By Mike Ferguson

Guest Column

Several major health insurers just announced that they expect to raise premiums by up to 40 percent next year.

These ever-increasing costs are certainly a drag on the economy. After all, most Americans get their coverage through work. The more employers have to spend on health care, the less they can devote to creating new jobs, investing in new products, or raising wages.

To fight back against rising premiums, more and more businesses are gravitating toward a more cost-effective form of providing health coverage called “self-insurance.” With this arrangement, a company covers its employees’ medical bills directly, rather than paying an insurer to do so.

Most Americans are unfamiliar with self-insurance — even those who are the beneficiaries of self-funded plans through work or through a labor union. Here are five things everyone should know about it.

Millions of Americans Are Already Self-Insured — and Don’t Even Know It

Among Americans with health insurance through a private employer, more than 60 percent have self-insured plans. Some of the country’s most prominent companies, including Whole Foods, Microsoft, Starbucks, Home Depot, and Southwest Airlines, self-insure.

Thousands of smaller and medium-sized firms self-insure, too. To protect themselves in the event that their employees’ medical expenses are too high for them to comfortably cover, they can purchase “stop-loss” insurance. These policies serve as a financial backstops by reimbursing companies for claims that exceed a certain agreed-upon threshold.

Typically, employers contract with an outside administrator — or even a traditional insurance company — to process their plan’s claims. So workers may get an insurance card with a conventional insurer’s name on it. But they may not realize that their employer is actually footing the bill.

Self-Insurance Plans Are More Customizable than Conventional Plans

Traditional insurers typically offer one-size-fits-all policies that can appeal to vastly different demographics. By contrast, when an employer pays for health care directly, it can tailor its benefits to the specific needs of its workforce.

For instance, a start-up with mostly healthy twenty-something employees can focus its resources that best fits its demographic, such as robust family-planning services. A company with an older workforce might provide broader coverage in chronic-disease management or weight-loss programs.

Self-Insurance Gives Companies an Incentive to Improve Employee Health

Firms directly bear the costs of their employees’ medical treatment. That gives them a huge incentive to improve health and stave off disease.

That’s why self-insured firms often invest in wellness program. Things like free gym memberships aren’t just perks. They can help a self-insured company save money by improving employee health.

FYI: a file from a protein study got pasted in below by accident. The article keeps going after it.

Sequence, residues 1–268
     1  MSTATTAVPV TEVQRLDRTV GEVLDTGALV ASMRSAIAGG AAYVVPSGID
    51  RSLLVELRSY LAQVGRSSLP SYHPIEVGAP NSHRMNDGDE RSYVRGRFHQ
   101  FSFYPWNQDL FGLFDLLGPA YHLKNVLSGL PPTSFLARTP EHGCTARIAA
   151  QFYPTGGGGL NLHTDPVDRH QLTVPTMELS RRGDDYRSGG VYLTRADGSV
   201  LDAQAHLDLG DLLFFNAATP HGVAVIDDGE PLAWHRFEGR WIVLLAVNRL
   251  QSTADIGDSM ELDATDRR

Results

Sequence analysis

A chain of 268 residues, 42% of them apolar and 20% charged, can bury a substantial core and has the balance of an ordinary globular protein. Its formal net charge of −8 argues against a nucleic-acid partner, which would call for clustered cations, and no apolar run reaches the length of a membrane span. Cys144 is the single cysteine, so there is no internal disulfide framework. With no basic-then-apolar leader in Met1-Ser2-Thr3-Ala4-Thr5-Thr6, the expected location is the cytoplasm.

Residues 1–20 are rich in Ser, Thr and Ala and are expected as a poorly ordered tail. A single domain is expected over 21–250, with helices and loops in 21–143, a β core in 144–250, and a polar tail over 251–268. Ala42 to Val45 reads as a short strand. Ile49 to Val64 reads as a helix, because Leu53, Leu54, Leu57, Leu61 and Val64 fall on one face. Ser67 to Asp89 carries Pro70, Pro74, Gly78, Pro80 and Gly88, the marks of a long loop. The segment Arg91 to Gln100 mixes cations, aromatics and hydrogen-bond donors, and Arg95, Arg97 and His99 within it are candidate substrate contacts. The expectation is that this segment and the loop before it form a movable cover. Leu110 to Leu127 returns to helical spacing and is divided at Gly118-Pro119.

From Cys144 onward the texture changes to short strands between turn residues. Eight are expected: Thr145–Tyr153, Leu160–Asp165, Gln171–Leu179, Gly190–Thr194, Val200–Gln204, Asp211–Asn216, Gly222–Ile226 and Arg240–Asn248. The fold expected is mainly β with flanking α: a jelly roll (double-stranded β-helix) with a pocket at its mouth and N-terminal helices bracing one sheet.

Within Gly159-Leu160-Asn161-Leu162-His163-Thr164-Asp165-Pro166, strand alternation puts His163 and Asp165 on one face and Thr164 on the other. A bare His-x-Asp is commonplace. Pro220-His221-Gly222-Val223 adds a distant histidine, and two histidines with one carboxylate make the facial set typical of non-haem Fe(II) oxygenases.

Self-Insurance Is Well Regulated by Federal Law

Under federal law, self-insured employers must administer their plans in the best interest of their employees. If they fail to do so, they can be subject to steep civil and criminal penalties.

This rule gives workers a legal avenue to contest benefit denials or excessively high charges. They aren’t afforded the same recourse under traditional insurance plans.

Employers Typically Save Money by Self-Insuring

Self-insurers avoid many of the expenses that traditional insurers have to make. For instance, they can plow what a traditional insurer would have spent on marketing into better benefits — or other investments in the company or workforce.

Employers also face lower regulatory costs. Conventional health insurers have to comply with a vast array of rules for each state in which they operate. Self-insured firms operating in multiple states, by contrast, are governed the federal Employee Retirement Income Security Act.

At the same time, self-insurers cannot decline to cover people with pre-existing conditions or charge individuals more because of their health status.

These differences add up to big savings for businesses – and that’s money that can be plowed right back into boosting salaries, expanding operations, and hiring new workers.

Health insurance premiums are skyrocketing. Self-insurance offers companies a way to defend against those rising costs — and boost the well-being of their employees in the process.

Mike Ferguson is President and CEO of the Self-Insurance Institute of America.

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